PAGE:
Truth is boxing will never be counted out because as Bert Sugar has indicated it benefits from culture and star power. The sport turns immigrants into icons and the underprivileged into immortals.

Unfortunately for Dana White, the Ultimate Fighting Championships do not benefit from the kind of star power and cultural diversity that benefits boxing. Its reach does not expand the horizons of adolescence Caucasian youth the way Boxing does. While it can draw young audiences the same way that the WWE and the WWF has in the past, it's what it can't create that will hurt its long term health in the future.

UFC Champion Chuck Liddell was the closest thing that Dana White had to star power for the many Caucasian youth that followed his career. However, his quick defeat at the hands of African American Quinton Jackson and the booing that followed suit from the UFC fans reminded Boxing's supporters why Mixed Martial Arts has a long way to go before it has the star power and diversity of Professional Boxing.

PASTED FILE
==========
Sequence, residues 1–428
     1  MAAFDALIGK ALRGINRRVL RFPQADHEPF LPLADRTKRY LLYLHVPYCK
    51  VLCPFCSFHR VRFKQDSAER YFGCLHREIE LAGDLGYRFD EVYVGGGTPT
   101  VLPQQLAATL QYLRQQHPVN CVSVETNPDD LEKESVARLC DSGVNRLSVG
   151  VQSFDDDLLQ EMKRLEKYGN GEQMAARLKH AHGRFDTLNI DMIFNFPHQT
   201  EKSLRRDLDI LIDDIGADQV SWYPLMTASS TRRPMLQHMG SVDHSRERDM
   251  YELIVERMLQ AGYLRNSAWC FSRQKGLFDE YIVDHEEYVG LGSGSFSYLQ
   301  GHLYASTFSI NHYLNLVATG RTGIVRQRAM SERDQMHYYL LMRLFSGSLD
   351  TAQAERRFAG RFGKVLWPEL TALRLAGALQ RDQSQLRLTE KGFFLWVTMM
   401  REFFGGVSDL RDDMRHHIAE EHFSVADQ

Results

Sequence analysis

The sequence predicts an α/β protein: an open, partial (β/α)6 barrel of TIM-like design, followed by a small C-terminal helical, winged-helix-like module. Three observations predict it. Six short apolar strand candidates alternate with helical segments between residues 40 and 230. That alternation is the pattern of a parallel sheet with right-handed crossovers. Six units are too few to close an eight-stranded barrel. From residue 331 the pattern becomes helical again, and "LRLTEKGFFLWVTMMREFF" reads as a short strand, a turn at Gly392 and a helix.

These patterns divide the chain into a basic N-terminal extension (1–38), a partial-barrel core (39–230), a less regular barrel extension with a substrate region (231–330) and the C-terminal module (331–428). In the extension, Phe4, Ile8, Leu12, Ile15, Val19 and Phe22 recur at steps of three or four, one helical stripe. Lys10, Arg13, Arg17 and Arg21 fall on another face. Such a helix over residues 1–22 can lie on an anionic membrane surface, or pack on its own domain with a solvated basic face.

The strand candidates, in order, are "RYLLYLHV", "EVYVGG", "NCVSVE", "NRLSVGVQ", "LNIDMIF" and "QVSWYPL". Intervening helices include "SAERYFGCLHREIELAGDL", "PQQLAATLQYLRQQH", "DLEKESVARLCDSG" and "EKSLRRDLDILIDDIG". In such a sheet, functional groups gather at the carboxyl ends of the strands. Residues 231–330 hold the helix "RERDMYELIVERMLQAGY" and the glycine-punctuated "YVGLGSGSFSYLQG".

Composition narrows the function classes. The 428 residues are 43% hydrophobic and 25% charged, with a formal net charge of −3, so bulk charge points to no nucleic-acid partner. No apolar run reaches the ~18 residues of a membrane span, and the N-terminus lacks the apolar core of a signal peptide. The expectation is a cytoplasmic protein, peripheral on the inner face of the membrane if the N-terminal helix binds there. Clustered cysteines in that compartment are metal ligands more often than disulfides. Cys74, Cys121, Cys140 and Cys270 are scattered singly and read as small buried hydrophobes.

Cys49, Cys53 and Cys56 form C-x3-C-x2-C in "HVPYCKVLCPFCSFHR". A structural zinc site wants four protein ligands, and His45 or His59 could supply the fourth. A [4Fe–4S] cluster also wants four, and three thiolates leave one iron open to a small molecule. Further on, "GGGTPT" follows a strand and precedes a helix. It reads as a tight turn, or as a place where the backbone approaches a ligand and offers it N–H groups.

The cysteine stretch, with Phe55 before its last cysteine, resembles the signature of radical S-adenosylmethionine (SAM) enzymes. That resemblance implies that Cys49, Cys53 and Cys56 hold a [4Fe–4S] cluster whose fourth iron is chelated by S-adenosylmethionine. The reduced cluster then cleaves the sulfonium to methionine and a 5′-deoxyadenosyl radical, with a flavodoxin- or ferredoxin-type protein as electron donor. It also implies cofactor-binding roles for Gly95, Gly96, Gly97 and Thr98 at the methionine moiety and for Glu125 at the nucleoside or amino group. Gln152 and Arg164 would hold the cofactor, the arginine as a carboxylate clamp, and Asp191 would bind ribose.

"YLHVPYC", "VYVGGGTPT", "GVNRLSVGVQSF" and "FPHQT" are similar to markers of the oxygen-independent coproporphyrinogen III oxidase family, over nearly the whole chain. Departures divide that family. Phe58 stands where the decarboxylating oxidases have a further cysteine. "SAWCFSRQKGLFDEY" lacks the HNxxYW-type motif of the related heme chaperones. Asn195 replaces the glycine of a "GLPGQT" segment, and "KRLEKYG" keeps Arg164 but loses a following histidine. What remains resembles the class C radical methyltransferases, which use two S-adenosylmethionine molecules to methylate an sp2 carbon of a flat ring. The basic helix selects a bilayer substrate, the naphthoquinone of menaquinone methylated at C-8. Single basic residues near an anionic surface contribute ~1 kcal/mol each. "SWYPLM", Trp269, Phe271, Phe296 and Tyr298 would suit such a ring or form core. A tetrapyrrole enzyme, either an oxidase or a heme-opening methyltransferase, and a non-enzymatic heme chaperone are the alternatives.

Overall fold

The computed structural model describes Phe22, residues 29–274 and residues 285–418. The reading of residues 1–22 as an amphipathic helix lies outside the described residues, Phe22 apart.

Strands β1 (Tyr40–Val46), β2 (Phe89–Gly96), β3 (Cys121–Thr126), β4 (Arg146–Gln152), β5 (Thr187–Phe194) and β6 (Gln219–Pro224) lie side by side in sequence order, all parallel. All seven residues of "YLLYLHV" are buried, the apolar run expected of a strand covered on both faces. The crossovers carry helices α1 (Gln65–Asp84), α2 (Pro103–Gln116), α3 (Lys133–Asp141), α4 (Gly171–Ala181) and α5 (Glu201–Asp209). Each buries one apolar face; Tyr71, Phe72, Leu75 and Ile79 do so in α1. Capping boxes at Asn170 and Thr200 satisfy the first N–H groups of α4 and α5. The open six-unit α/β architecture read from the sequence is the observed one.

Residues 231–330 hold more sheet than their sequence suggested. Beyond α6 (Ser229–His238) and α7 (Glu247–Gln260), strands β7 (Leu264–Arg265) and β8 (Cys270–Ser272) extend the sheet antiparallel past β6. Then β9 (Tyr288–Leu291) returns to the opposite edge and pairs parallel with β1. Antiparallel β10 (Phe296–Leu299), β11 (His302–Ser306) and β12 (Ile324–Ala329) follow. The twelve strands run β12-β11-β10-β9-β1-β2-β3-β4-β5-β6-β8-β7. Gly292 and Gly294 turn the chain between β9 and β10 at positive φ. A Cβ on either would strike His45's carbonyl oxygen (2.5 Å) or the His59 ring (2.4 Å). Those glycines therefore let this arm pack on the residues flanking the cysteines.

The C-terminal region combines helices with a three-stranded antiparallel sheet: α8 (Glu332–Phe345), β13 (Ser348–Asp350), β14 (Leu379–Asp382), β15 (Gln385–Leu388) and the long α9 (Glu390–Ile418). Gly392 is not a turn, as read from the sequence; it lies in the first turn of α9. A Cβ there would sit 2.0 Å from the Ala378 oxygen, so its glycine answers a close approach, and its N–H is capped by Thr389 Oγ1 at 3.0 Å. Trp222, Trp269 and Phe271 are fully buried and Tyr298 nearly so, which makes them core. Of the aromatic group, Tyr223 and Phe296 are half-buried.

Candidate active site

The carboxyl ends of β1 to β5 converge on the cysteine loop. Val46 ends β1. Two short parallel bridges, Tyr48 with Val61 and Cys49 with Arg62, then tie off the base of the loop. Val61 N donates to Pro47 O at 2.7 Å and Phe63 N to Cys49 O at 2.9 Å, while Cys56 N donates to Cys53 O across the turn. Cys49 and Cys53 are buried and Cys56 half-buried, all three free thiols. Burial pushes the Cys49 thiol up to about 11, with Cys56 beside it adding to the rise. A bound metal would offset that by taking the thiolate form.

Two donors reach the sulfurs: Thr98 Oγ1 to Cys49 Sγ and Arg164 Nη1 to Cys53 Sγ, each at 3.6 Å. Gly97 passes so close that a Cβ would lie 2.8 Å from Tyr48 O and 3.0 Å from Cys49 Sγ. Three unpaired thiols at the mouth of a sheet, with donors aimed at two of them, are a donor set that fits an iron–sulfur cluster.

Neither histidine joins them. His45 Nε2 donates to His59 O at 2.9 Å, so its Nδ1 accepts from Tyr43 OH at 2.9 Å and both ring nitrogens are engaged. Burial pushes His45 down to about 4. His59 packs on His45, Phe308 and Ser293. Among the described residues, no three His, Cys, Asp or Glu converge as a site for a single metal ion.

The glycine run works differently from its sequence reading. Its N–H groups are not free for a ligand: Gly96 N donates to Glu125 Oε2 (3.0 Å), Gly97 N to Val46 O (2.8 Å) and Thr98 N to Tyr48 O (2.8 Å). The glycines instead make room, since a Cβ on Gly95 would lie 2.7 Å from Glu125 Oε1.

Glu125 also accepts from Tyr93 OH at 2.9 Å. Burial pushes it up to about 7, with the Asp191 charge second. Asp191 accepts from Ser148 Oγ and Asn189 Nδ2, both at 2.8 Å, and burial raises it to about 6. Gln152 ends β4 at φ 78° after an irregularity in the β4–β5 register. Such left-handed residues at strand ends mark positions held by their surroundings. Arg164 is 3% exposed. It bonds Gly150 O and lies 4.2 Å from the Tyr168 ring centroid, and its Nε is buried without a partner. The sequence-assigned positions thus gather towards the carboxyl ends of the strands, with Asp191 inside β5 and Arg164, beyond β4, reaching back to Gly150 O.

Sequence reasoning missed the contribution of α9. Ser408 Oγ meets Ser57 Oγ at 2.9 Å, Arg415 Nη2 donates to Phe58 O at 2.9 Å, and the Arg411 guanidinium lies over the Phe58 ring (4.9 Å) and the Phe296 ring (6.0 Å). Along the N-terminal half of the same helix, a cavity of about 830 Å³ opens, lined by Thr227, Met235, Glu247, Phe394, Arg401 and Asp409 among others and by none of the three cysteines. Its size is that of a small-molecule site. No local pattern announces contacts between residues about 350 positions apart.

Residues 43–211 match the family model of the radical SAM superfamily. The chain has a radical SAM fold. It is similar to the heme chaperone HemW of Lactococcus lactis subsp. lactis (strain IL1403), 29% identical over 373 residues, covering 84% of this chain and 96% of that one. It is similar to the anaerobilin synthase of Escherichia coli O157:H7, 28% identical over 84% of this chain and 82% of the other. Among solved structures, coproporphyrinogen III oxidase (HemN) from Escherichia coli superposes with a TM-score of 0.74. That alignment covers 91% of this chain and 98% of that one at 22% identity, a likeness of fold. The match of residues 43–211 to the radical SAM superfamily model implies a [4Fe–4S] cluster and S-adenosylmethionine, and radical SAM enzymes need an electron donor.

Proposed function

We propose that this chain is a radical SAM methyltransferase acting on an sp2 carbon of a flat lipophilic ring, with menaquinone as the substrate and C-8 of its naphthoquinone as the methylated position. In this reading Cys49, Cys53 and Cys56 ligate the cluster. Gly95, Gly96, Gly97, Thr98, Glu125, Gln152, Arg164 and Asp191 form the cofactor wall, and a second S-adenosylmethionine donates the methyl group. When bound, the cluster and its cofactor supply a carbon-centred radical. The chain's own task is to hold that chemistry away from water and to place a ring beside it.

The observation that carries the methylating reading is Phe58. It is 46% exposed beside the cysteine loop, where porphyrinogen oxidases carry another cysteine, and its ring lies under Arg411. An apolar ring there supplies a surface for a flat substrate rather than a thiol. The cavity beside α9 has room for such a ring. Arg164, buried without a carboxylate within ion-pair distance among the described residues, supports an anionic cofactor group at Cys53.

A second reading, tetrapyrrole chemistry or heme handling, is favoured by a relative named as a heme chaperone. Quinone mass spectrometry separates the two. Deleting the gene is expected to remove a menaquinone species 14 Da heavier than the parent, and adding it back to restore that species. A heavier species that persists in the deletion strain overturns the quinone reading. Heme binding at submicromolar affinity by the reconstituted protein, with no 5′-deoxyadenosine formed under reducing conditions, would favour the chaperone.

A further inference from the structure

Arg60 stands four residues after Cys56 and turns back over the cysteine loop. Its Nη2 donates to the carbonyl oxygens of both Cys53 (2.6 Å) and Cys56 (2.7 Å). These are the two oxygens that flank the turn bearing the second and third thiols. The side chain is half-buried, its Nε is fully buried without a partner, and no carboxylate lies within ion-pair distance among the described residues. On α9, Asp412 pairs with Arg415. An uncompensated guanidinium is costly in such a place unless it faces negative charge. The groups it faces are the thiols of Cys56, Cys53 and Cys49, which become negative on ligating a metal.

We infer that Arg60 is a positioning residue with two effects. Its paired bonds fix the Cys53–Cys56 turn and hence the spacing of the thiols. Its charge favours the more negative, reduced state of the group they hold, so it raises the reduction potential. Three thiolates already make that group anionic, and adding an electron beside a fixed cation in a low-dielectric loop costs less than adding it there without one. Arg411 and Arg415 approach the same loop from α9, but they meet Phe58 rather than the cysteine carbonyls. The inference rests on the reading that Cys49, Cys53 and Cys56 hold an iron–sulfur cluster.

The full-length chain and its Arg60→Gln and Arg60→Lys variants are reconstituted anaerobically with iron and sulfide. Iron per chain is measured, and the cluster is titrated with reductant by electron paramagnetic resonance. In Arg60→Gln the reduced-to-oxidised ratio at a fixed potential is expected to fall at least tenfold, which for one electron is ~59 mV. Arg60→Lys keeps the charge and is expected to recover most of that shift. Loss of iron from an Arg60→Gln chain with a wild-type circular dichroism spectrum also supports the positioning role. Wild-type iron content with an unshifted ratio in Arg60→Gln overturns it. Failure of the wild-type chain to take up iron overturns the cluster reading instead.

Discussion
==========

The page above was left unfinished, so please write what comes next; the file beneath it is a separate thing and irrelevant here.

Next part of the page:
Dana White was not able to transfer Jackson from a Mixed Martial Arts combatant into an international star after his victory over Liddell because he didn't have a diverse enough audience to do so. To his credit, he will continue to sell UFC DVD's next to WWE collections in Wal-Mart to the adolescence Caucasian youth who follow him, but he will never see an audience of 2.15 Million for a Pay Per View event. So the next time Mr. White is interviewed and is asked about his opinions on the sport of Boxing, let fans be reminded that he did not have enough cash in the bank to persuade Floyd Mayweather into the Octagon because Floyd's star power is outside of the UFC's reach and Floyd knows better than to follow a short lived trend rather than an ancient tradition.

Article posted on 15.12.2007